Abdel Salam Shehadeh and Ashraf Mashharawi shared a 7,000-pound (8,700-euro) bursary at the event late on Thursday, where British director Ken Loach praised their work and “courage to resist”.
More than 2,070 Palestinians and 64 Israeli soldiers have been killed since Israel launched its offensive in Gaza on July 8 with the stated aim of putting an end to cross-border rocket fire.
Loach said air strikes had stopped Shehadeh from leaving his home in the southern Gaza border city of Rafah. Mashharawi did attend the festival, which was founded as an act of defiance while Sarajevo was besieged during the 1992-95 Bosnian war.
But he told Reuters on Friday he would not be able to return to the enclave until violence stopped.
“I can’t go back now because of the bombing and because of the closed border. I have to wait, but I know it is also our duty to come here and bring these voices of victims – they chase you,” he said.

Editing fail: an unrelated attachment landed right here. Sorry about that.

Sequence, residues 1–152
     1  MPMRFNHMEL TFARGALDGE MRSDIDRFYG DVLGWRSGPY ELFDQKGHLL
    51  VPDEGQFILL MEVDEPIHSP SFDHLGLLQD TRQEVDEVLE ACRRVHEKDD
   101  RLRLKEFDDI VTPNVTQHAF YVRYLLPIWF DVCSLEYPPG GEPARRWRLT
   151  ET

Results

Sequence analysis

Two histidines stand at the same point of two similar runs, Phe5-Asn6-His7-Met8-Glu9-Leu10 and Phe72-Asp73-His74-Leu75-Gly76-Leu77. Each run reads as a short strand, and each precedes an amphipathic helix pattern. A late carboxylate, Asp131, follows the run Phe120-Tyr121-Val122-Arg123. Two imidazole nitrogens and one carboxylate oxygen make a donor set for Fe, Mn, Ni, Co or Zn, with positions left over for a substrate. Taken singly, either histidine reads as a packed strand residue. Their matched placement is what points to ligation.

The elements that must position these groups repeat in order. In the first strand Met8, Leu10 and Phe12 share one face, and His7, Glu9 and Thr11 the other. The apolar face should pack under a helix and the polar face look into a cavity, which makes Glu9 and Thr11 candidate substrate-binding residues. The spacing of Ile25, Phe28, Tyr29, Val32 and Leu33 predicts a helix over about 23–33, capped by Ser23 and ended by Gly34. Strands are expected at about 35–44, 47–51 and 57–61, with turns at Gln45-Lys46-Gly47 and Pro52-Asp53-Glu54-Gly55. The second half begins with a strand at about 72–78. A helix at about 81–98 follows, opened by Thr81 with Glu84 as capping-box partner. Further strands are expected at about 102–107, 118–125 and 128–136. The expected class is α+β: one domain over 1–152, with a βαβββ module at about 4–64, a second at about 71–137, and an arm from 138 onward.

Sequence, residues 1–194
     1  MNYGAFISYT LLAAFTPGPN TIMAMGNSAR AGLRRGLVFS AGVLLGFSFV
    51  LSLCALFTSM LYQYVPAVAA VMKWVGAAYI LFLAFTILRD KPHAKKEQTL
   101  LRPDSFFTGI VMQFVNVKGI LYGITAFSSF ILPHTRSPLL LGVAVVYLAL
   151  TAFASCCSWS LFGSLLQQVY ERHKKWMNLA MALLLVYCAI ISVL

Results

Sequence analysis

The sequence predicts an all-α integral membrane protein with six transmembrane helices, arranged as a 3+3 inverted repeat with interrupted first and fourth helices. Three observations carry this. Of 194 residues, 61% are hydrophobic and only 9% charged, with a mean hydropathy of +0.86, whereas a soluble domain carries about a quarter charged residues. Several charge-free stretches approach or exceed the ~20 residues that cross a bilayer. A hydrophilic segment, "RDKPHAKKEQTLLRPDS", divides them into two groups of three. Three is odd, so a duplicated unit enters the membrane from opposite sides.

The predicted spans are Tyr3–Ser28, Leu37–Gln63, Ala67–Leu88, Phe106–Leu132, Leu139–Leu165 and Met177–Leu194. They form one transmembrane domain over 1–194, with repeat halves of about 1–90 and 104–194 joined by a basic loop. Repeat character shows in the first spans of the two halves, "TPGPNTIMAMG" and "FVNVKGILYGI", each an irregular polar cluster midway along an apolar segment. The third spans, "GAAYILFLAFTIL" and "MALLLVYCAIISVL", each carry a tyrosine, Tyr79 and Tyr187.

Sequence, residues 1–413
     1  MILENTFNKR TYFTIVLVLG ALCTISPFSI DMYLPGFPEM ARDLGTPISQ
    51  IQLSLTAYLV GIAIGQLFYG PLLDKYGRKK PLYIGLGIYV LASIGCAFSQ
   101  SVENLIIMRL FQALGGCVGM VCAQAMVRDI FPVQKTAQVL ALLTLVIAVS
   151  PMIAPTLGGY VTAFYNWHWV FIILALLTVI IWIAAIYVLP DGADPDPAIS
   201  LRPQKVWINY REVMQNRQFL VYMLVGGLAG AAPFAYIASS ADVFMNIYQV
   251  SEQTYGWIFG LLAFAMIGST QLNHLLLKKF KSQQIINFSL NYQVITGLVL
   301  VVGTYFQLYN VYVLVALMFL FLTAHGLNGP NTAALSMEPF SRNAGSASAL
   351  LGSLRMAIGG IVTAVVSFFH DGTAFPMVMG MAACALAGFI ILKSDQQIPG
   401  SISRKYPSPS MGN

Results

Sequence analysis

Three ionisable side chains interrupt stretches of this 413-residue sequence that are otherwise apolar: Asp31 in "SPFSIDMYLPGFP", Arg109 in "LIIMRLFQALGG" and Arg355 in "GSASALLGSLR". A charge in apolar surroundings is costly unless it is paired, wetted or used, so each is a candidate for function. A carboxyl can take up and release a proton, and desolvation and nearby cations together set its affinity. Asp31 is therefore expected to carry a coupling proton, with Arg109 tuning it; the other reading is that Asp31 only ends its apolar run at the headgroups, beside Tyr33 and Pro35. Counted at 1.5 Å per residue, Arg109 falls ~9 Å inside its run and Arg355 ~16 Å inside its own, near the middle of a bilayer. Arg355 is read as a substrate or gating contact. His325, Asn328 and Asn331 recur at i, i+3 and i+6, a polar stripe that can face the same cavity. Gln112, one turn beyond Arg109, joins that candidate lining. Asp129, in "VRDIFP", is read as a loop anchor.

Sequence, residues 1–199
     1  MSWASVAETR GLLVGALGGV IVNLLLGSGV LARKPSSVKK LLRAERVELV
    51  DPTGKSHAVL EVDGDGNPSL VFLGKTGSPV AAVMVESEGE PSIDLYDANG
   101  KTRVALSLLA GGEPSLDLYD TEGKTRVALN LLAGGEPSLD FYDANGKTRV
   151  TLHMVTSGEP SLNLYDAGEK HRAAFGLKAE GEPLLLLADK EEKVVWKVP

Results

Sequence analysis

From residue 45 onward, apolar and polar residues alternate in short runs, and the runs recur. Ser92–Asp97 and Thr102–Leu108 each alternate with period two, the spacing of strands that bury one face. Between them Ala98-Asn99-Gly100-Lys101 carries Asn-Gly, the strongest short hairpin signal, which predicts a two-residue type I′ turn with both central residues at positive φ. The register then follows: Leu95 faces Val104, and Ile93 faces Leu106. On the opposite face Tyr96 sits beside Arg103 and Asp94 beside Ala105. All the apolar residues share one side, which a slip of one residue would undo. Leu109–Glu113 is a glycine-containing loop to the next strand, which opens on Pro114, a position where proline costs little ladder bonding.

Shehadeh has directed more than 15 documentaries about life in Gaza and beyond, among them The Cane, Debris, Rainbow and The Shadow. Mashharawi has also looked beyond Gaza with works including “Slavery in Yemen”, and award-winning “The Road to Tawerghaa” (Libya).
“We need these film-makers to tell these stories because they are absolutely central to our understanding of the conflict,” Loach told a late-night ceremony in Sarajevo.
The bursary came from the British-based Katrin Cartlidge Foundation, created in 2002 in memory of the British actress who died that year, aged 41. (Reuters)